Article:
Our goal is to provide foundational and effective lifesaving skills. We offer WSIB approved First Aid and CPR with AED training.
Our courses are professional, interactive and skills-based. We relate the material to your environment to maximize skills retention.
I am certified by the Heart & Stroke Foundation of Canada, as well as by Life's Emergency Training. I have more than 30 years of healthcare experience, including teaching and ensure my participants an enjoyable, hands-on learning experience.
We serve the Toronto-Hamilton area, Brantford, Niagara.
About Our Classroom
"I was hesitant when I saw that the training was to be held in a residence.
When I arrived, all my concerns evaporated due to the cleanliness and obvious care
that had been taken to ensure everyone's safety."
Measures we are taking for a safe learning space -
• Class size limited to 4 participants to ensure physical distancing
• Clear signage of guidelines and expectations
• 1 participant : 1 manikin and set of equipment
• Hand sanitizer and non-latex gloves provided
• Air exchanged every 12 minutes
• HEPA air cleaner installed on HVAC
• Regular fogging with Vital Oxide disinfectant before and after each class
• All equipment wiped down with Cavicide wipes
1. Why choose A.L.E.R.T.?
Meets Provincial and Federal Occupational Health and Safety Legislation Standards
We come to your workplace or a location near you
Professional and knowledgeable instructors
Enjoyable, skills-based learning experience
2. What is sudden cardiac arrest?
Sudden cardiac arrest is due to an electrical malfunction which causes an irregular heartbeat and disrupts blood flow throughout the body.
3. What is fibrillation?
A rapid, irregular and unsynchronized contraction of muscle fibres - ie. the heart.
4. What is defibrillation?
The stopping of fibrillation of the heart by administering a controlled electric shock in order to re-establish normal rhythm.
5. What is an AED?
An automated external defibrillator (AED) is a lightwight, portable device that is able to deliver an electric shock through the chest to the heart. The shock can stop an unsynchronized heart rhythm and allow a restoration of normal rhythm to resume following sudden cardiac arrest.
6. Do I have to be certified to use an AED?
No, anyone can use a defibrillator. It gives simple audio and visual commands, so a passerby can easily open the device and follow instructions that could result in saving a life.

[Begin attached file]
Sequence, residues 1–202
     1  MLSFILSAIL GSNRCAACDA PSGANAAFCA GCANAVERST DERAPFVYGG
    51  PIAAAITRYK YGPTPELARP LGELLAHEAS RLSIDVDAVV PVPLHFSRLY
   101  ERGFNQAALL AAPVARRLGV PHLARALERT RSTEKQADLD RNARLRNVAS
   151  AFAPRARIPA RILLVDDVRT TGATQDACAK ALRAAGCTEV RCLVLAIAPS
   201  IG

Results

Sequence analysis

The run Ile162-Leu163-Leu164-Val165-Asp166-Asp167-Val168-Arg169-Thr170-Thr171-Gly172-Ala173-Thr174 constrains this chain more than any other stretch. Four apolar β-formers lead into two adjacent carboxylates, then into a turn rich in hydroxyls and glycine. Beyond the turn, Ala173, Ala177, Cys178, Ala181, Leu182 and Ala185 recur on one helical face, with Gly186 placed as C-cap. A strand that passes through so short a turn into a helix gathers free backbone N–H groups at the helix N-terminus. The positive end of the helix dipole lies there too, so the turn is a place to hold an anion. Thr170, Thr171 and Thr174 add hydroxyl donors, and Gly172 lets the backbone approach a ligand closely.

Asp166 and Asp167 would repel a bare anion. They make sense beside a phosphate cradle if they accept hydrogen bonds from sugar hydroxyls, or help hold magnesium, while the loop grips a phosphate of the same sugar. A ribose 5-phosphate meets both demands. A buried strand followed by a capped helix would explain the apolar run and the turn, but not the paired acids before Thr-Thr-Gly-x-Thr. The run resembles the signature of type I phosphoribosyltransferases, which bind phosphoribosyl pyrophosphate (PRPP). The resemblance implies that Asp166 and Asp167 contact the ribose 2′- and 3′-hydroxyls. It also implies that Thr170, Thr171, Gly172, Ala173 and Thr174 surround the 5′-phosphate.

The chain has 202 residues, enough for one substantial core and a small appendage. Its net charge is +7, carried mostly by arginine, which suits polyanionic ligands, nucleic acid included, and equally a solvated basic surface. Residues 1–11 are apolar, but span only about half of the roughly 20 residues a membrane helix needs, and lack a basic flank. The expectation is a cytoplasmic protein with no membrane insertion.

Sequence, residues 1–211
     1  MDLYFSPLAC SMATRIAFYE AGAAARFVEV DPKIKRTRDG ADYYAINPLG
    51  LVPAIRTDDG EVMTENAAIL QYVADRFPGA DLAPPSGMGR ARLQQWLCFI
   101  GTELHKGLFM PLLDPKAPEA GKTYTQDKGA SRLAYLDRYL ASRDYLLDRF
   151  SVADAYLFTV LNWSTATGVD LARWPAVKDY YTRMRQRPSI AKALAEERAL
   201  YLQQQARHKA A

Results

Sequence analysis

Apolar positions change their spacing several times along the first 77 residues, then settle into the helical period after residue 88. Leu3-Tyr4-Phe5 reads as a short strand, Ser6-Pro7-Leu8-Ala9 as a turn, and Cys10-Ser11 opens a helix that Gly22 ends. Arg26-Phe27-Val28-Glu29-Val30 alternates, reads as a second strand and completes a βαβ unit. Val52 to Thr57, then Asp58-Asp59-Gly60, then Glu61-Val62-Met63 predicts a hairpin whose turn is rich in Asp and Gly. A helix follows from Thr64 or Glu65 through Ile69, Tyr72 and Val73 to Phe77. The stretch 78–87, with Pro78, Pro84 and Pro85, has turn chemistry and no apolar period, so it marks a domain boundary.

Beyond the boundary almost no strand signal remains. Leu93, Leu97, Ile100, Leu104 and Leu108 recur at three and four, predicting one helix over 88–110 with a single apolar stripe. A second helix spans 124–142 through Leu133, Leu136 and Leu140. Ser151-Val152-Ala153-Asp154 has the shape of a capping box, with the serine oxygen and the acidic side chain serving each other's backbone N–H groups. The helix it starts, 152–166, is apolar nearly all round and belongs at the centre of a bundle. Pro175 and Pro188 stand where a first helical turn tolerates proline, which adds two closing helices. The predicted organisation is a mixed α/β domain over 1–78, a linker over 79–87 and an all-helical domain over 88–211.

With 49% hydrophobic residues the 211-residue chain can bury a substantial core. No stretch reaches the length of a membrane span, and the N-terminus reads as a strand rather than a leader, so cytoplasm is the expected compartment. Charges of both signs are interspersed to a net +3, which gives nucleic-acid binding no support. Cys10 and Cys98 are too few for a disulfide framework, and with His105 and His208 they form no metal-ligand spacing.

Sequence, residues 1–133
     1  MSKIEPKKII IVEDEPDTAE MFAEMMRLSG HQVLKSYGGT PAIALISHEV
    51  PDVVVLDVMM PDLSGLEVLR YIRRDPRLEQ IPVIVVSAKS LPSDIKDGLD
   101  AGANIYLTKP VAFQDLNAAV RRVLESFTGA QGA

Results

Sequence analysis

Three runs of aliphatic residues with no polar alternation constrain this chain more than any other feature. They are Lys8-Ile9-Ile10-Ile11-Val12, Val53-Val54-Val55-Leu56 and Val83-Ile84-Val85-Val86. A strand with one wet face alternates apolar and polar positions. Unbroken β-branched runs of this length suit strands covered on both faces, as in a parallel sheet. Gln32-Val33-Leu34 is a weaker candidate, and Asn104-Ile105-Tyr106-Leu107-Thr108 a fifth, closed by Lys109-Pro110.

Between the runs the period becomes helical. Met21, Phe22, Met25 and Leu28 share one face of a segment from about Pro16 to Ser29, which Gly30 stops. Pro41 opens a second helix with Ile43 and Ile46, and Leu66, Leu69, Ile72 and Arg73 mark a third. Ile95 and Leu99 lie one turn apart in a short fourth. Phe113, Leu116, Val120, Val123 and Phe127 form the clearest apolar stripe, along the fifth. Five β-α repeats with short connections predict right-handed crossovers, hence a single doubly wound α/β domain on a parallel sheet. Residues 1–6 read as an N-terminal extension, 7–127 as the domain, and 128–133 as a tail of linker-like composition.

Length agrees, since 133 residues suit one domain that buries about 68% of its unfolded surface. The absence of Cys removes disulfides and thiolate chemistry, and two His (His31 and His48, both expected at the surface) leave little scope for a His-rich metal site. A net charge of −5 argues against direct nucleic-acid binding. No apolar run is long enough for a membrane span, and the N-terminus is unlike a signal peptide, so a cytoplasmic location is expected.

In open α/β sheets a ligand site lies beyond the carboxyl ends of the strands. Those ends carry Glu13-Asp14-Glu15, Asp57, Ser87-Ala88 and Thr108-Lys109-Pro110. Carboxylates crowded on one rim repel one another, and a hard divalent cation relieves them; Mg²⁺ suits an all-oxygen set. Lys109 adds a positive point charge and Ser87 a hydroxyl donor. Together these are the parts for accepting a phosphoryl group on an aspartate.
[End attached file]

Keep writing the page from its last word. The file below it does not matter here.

7. Do I have to give breaths during CPR?
No. If the first aider is not comfortable doing mouth to mouth or there is no barrier available, do compression-only CPR at a rate of 100-120 compressions per minute. If a barrier is available or the first aider is comfortable doing mouth to mouth, it is recommended to do 30 compressions and 2 breaths at the same rate of 100-120 compressions per minute.
8. Can I be sued for doing First Aid or CPR?
No. In Ontario The Good Samaritan Law makes it difficult to successfully sue. You must act in good faith and be reasonable and prudent while providing first aid treatment.
9. How old do I have to be to take a CPR course?
You need to be strong enough to do the chest compressions. Generally, a minimum age of 12 would be necessary.
10. How long is my certification good for?
It is best practice to renew all certifications annually for maximum skills retention.
Standard First Aid and Emergency First Aid certificates are valid for 3 years.
CPR Level A or C certificates are valid for 3 years.
CPR for Healthcare Provider (BLS) certificates are valid for 1 year.
The Babysitting Course has no expiry.
11. After my certificate expires, can I still help someone in need of First Aid?
Yes, definitely help those who need it. Expiry dates on First Aid certificates are used to monitor the WSIB compliance of employers. They are also reminders for renewal so you will always have current First Aid information and be more confident when applying skills learned.
12. Are there any prerequisites for taking the First Aid courses?
No. CPR and First Aid are necessary skills anyone should have. You never know when a serious accident could occur. Paramedics and medical staff cannot always be there in times of tragedy. This makes CPR and First Aid training so vital.
13. CPR A, B, C, HCP ... What is the difference?
CPR A is CPR with adult skills only plus AED. There are no child or infant skills covered in this level.
CPR B is CPR with child and infant skills only plus AED. There are no adult skills covered in this level.
CPR C is full CPR with adult, child and infant skills plus AED. This level of CPR is included with Emergency and Standard First Aid courses. It is offered as a separate course as well.
CPR for HCP (Basic Life Support) includes all skills taught in CPR C with the addition of skills geared toward those working in the healthcare field.